Among solid substances known thus far, those having uniform channels, such as zeolites of porous crystalline aluminum silicate and of porous crystalline aluminum phosphates (AlPO4) are defined as molecular sieves, because they selectively adsorb molecules smaller than the size of the channel entrance or they allow molecules to pass through the channel. In view of crystallography, zeolite and AlPO4 are fully crystalline substances, in which the atoms and channels are arranged in complete regularity. These fully crystalline molecular sieves are obtained naturally or synthesized through hydrothermal reactions. The number of fully crystalline molecular sieves obtained or synthesized thus far amount to several hundred species. They play an important role as catalysts or supports in modern chemical industries by virtue of their characteristics including selective adsorption, acidity and ion exchangeability. Examples of the current catalyst processes utilizing the characteristics of zeolite include the petroleum cracking reaction using ZSM-5 and the aromatic conversion reaction of paraffin using KL-zeolite impregnated with platinum. A significant problem of the fully crystalline molecular sieve is that it cannot be used in reactions of molecules larger than 1.3 nm in size.

Recently, a group of researchers at Mobil Co. reported a series of mesoporous molecular sieves, named the M41S series, including MCM-41 and MCM-48. See U.S. Pat. Nos. 5,057,296 and 5,102,643. These molecular sieves show a structure in which mesopores uniform in size are arranged regularly. Existing molecular sieves have been produced by using inorganic or organic cations as templates, whereas those mesoporous molecular sieves are synthesized through a liquid crystal template pathway by using surfactants as templates. These mesoporous molecular sieves have the advantage that their pore sizes can be adjusted in a range of 1.6 to 10 nm by controlling the kinds of surfactants or synthetic conditions employed during the production process.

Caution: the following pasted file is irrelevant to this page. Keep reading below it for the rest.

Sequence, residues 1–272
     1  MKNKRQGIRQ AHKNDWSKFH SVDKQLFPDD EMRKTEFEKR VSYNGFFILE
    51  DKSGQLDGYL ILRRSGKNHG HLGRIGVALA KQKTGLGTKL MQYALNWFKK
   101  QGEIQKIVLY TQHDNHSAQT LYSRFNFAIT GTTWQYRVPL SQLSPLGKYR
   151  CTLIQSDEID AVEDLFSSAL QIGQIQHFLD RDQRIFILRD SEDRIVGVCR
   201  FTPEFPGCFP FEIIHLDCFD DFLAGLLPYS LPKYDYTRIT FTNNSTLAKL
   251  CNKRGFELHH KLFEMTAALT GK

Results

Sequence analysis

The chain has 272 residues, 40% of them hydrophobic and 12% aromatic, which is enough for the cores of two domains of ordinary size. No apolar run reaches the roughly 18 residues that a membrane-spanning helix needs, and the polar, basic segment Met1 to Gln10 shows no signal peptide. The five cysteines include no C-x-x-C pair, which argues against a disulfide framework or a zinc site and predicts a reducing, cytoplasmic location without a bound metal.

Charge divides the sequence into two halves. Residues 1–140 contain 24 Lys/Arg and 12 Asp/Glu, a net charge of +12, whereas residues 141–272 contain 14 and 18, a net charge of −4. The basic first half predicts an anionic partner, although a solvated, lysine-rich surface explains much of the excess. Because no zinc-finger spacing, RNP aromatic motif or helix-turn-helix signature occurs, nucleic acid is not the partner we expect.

Stuky, a professor at the University of California, U.S.A. and his colleagues reported mesoporous molecular sieves, designated as SBA-1, 2, 3, in Science, 268, 1324 (1995). The channels of the mesoporous molecular sieves are regularly arranged, while the constituent atoms show an arrangement similar to that of amorphous silica.

Mesoporous molecular sieves have regularly arranged channels larger than those of existing zeolites, thus enabling their application to adsorption, isolation or catalyst conversion reactions of relatively large molecules. Of the aforementioned mesoporous molecular sieves, the most widely researched is MCM41, which has a uniform structure exhibiting hexagonal arrangement of straight mesopores, such as honeycomb, and has a specific surface area of about 1,000 m2 g-1 as measured by ordinary BET. After being subjected to calcination to remove template materials, MCM-41 samples disclosed by early researchers undergo, although there is a little difference depending upon synthetic conditions, structure contraction ranging from 20 to 25% relative to pre-calcination. This contraction is attributed to the fact that silanol groups are condensed by the calcination.